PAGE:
Have we improved tsunami preparedness and early warning since the Indian Ocean Tsunami in 2004 ? Yesterday in Sri Lanka I was caught up in the middle of a tsunami warning as I was staying at the Bentota Beach Hotel, and I drove inland with my family for two hours until the tsunami warning was lifted. I wasn't that popular as my wife and mother-in-law questioned my judgement.
Here is my colleague Mahieash Johnneys' reflection on how things went yesterday.
Around 2.10 PM local Sri Lankan time, many throughout the island thought that they were experiencing an explosion or a construction demolitionin the vicinity they were in. Never did it cross most minds that this could be an earthquake, mainly because Sri Lanka does not fall into the seismic belt.
Within seconds of the first shake, people started to tune into televisions and radio and this time they had other powerful sources as well in the form of Social Media. People were on twitter & facebook trying to find information of what just happened.
Within seconds it was clear that an 8.9 has struck off the shores of Sumatra in Indonesia and soon after there was a tsunami watch. Within minutes many countries issued tsunami warnings.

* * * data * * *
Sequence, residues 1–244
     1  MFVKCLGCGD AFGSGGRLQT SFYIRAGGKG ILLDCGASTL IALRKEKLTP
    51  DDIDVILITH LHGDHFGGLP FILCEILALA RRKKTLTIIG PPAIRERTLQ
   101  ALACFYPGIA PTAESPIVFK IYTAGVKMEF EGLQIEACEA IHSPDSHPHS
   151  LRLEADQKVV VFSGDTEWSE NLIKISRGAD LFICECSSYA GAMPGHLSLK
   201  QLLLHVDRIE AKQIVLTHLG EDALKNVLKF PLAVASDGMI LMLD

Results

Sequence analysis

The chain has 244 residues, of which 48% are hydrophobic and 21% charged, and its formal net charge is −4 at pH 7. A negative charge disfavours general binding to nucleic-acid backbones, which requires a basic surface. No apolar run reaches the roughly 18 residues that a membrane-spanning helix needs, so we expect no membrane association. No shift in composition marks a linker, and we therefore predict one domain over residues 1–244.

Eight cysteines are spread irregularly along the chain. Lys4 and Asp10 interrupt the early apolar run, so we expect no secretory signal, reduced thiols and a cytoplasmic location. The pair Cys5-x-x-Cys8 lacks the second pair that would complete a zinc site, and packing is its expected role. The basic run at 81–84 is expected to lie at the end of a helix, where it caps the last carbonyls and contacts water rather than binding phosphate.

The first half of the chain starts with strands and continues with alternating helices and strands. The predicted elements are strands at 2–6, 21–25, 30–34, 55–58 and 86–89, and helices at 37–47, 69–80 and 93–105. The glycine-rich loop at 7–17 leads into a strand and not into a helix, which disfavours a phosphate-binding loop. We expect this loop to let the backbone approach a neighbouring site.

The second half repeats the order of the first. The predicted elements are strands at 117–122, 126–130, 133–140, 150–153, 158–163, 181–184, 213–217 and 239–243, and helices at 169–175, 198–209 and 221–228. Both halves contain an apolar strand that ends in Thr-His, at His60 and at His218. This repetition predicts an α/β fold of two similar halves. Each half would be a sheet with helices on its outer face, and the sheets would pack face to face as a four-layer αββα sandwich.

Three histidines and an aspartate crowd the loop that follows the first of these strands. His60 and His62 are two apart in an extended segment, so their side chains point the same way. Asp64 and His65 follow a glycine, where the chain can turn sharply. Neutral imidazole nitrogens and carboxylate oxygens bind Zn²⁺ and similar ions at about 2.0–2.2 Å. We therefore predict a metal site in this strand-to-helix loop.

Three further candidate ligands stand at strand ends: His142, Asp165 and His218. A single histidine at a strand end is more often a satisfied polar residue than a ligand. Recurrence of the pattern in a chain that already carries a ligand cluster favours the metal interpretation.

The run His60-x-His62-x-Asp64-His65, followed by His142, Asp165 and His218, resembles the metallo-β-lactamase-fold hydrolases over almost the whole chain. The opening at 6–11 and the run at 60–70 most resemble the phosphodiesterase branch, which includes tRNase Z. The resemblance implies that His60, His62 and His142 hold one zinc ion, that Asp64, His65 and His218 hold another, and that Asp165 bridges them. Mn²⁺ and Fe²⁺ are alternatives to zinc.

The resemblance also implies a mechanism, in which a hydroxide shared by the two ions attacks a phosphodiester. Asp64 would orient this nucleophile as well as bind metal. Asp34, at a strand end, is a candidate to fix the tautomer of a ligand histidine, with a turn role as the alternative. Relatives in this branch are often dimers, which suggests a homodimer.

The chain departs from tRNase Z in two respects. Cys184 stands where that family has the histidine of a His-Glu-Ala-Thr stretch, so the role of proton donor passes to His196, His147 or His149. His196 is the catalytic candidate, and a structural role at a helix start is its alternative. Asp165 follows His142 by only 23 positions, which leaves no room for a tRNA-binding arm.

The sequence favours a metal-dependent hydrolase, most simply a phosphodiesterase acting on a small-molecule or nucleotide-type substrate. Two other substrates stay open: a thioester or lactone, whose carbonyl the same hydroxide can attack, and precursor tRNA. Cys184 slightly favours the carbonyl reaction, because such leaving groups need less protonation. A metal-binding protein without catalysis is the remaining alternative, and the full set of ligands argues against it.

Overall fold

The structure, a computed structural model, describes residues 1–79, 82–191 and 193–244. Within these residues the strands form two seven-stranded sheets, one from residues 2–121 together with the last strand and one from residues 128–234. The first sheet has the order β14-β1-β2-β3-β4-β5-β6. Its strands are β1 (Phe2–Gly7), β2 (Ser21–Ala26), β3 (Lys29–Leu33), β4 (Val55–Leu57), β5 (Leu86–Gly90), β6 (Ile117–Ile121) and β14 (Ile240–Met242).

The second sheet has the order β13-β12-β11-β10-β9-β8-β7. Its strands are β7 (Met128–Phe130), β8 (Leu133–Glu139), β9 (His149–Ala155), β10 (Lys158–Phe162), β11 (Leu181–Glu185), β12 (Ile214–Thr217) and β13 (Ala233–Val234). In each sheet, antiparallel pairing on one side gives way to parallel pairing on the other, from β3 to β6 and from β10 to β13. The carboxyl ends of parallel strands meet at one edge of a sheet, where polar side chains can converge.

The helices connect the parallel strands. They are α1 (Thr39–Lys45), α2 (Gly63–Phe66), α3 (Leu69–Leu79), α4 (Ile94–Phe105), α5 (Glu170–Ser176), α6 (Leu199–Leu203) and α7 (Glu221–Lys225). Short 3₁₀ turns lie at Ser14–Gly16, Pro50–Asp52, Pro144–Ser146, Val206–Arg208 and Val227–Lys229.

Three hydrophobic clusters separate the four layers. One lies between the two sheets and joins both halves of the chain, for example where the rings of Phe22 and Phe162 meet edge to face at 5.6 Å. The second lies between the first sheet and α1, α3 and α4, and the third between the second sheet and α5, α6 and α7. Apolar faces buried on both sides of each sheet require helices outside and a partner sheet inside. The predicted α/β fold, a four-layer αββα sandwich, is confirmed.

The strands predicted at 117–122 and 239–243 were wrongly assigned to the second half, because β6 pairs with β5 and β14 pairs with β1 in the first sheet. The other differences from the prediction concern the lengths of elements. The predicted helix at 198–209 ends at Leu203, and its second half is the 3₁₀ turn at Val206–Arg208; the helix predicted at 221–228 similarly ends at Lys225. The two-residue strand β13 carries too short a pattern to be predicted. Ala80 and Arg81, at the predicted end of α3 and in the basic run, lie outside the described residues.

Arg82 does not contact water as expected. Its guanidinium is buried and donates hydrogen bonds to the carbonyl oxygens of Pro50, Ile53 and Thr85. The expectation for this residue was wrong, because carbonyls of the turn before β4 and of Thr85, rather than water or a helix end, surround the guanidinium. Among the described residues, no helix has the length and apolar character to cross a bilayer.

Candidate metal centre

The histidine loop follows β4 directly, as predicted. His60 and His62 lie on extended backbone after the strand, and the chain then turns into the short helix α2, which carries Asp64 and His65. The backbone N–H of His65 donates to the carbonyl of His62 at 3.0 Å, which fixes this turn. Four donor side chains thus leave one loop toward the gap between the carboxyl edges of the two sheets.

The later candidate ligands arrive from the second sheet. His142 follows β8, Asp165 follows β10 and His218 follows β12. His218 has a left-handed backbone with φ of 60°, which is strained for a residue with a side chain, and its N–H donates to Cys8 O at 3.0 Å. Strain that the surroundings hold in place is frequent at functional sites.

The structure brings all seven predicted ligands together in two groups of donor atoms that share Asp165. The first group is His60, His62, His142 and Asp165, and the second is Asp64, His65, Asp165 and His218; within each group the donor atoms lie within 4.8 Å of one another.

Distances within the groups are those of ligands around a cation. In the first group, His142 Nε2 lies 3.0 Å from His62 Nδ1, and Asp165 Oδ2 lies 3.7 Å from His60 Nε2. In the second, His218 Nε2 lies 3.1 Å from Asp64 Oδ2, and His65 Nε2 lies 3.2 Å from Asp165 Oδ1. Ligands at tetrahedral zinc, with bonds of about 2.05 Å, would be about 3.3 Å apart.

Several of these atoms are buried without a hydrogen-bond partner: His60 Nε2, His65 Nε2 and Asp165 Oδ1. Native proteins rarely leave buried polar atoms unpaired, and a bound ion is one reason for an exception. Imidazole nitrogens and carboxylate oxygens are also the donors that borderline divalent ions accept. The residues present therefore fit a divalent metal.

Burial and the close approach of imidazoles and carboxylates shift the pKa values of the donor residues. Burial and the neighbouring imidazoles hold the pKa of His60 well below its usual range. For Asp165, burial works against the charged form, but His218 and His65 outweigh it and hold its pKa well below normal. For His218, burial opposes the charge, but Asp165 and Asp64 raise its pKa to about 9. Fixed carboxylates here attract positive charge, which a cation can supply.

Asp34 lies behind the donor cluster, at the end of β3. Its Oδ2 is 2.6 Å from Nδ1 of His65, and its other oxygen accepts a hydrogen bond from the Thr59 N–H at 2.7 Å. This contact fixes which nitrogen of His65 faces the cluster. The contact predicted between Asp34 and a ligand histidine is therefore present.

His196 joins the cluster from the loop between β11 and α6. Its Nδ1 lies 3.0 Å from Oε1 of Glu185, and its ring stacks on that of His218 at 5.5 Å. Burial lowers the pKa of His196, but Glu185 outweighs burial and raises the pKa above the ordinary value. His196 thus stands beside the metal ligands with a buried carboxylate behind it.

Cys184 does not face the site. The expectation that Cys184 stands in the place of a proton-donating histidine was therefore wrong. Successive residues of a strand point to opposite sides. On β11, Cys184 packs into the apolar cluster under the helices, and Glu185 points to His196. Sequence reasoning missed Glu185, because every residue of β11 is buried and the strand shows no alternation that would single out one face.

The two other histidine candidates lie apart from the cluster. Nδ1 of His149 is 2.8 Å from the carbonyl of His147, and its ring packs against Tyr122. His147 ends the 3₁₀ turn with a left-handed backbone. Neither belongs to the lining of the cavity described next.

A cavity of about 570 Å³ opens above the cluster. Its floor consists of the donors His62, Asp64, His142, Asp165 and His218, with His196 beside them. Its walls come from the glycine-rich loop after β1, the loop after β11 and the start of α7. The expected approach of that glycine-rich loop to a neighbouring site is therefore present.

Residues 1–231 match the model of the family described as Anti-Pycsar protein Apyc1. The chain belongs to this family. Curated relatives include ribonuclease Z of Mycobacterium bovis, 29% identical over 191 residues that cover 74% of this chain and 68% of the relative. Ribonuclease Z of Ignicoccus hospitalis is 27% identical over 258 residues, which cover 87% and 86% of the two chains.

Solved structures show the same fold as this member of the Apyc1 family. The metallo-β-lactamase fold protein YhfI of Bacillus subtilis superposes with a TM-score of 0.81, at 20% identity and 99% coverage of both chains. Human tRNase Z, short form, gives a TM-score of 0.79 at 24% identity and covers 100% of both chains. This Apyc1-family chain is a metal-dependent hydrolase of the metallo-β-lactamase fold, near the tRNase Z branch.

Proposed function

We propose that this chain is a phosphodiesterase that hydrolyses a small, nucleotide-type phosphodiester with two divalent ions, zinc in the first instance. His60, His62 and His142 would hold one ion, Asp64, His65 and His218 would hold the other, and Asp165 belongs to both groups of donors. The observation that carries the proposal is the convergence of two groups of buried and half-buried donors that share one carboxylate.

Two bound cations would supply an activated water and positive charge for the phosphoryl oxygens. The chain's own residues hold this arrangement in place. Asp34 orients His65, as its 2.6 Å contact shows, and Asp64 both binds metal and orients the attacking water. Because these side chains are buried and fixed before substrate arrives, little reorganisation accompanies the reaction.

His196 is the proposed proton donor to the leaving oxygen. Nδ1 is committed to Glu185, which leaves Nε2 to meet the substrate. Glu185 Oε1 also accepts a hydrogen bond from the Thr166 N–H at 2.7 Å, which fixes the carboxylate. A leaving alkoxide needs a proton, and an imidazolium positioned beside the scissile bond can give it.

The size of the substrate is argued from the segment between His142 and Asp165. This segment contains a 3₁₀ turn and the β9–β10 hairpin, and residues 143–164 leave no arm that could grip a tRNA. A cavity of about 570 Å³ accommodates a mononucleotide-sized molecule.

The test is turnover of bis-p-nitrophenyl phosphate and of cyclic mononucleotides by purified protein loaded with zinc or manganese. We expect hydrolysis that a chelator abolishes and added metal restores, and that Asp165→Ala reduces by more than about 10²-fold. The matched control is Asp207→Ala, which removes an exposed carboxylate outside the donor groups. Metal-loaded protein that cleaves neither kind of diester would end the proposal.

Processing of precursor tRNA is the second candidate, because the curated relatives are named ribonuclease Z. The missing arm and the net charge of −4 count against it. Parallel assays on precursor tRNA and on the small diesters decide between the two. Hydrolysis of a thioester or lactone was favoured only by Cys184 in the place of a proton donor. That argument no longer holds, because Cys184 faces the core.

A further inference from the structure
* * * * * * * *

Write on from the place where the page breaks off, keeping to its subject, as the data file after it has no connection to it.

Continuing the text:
This was merely not a miracle. Information flow has made us more resilient towards disasters. Knowledge is key in safeguarding one’s self and alerting everyone around. We certainly did learn from our past mistakes.
Alert aftermath in Sri Lanka
Following the 8.7 magnitude earthquake, which struck off the coast off Banda Aceh, Indonesia on the afternoon of one day prior to the Sinhala & Tamil New Year, local authorities took steps to evacuate people living in the coastal areas to safety.
Sri Lanka Red Cross Society’s Branch Disaster Response Teams (BDRT) were deployed within minutes of the first tremor in Eastern Sri Lanka to assess the situation and to be on standby to assist evacuation procedures.
“The systems were already in place. Everyone even to the grass root level knew their role in their respective communities” said Tissa Abeywickrama, Director General of the Sri Lanka Red Cross Society.
“We have trained people time after time in order to face a situation like this. Our investment on mitigation & early warning certainly paid off”
Meanwhile the Metrological Department of Sri Lanka, which is the competent authority for tsunami alerts, urged the public to follow the instructions and not to panic.
Steps were immediately taken to open the Southern highway free of charge for the public to evacuate as the road is located more inland than the other main roads which runs parallel to the coast line.
Moreover, the Ceylon Electricity Board also shut down power to the whole of Eastern Sri Lanka as a precautionary measure.
The President of the SLRCS Jagath Abeysinghe also made a public announcement via all media outlets for all volunteers within the coastal areas to report to their respective branches so that they could assist the evacuation process set in motion by the Government.